Freo’s pressure after half time was immense, the Bulldogs could barely get clean possession and when they scored, Freo replied almost immediately to keep the scoreboard pressure on the Bulldogs.
This seems to be Freo’s theme this year; start slowly but stay in the game then beat teams in the second half. We saw it against the Dogs, the Dees and Brisbane in round 12.
The Dees and the Lions play each other this weekend.
Wins such as those three and various other wins where Freo were challenged but held on such as against Port Adelaide, Geelong in Geelong (the hardest trip to make in footy) and Greater Western Sydney show that this team is resilient, a quality that I believe Freo teams of the past have not had.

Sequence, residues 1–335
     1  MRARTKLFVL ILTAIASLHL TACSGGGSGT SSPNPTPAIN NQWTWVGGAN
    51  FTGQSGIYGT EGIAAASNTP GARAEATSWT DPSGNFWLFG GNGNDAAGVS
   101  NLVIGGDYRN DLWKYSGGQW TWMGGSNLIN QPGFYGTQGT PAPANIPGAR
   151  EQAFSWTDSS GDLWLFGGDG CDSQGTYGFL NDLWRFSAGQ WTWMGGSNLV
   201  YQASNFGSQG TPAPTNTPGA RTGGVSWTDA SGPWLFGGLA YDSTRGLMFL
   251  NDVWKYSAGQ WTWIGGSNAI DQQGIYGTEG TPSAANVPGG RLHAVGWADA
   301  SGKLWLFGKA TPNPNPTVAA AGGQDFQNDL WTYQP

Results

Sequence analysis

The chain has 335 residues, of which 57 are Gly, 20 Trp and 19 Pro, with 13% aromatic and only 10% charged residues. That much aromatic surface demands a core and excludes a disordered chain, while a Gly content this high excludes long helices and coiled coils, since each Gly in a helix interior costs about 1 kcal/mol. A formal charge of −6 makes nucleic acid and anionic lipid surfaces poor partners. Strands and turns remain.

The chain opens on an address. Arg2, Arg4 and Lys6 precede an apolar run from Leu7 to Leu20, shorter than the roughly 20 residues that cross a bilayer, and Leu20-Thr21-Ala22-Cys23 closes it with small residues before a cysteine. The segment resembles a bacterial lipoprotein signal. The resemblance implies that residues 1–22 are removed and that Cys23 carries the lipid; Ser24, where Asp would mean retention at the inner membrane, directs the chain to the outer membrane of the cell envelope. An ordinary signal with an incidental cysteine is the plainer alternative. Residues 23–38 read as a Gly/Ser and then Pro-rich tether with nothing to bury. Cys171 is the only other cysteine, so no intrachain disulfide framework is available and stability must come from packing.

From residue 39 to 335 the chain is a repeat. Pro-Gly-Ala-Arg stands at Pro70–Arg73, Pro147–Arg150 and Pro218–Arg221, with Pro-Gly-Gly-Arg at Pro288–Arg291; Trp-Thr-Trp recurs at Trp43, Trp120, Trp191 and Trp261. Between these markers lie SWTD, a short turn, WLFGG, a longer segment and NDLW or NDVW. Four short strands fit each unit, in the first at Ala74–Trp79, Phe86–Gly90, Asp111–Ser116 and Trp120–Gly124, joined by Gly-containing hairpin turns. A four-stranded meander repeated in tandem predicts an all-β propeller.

Collingwood in front of 90,000 at the MCG on Saturday night will be the club’s biggest match since the 2015 preliminary final and will not be an easy task.
I see three keyways for Fremantle to win the game: Negate Darcy Moore, strong defensive set up behind the ball and not let Collingwood dictate the way the game is played.
Darcy Moore is one of the elite defenders in the competition. Last weekend when matched up on Jeremy Cameron and Tom Hawkins, he had 10 intercept marks. Griffin Louge has been a revalation for Fremantle this year. Taken at pick 7 in the 2016 draft, Louge has had an interrupted start to his career with injury and form forcing him to become a weapon that Longmuir can use either side of the ball. If Longmuir sticks with Louge and matches him up on Moore, it will negate his impact and force Collingwood’s other two key defenders Nathan Murphy and Brayden Maynard matched up on Rory Lobb, Jye Amiss or Matthew Taberner if Longmuir decides to select Taberner. Moore is key in propelling Collingwood forward. Freo need to negate this and Louge is the perfect option.